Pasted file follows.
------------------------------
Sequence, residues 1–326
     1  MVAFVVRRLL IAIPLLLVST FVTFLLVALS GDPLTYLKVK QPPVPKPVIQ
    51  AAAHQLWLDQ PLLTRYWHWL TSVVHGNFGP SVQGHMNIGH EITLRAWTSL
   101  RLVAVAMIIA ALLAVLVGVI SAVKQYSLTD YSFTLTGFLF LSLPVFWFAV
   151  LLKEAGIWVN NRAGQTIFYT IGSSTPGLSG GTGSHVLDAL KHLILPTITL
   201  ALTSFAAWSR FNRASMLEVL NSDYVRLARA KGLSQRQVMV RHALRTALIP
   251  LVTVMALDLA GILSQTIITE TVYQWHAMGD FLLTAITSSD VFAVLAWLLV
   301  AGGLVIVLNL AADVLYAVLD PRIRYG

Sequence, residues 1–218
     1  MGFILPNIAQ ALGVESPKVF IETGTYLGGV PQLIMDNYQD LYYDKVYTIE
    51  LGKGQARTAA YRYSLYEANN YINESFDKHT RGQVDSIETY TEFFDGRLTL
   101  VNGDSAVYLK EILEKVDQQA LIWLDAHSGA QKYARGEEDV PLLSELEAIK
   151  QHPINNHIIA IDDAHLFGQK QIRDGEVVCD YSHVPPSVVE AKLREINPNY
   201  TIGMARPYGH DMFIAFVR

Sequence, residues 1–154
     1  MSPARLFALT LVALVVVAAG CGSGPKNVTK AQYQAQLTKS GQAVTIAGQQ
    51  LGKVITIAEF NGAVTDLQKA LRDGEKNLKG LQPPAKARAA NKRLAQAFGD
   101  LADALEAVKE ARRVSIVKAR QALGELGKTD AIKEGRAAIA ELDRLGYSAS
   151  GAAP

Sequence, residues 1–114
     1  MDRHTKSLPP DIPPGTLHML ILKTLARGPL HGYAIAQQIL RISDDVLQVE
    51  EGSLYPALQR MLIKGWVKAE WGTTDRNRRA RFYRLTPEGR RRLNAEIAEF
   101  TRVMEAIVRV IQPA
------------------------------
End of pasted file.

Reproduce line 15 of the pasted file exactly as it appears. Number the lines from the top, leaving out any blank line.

Sequence, residues 1–154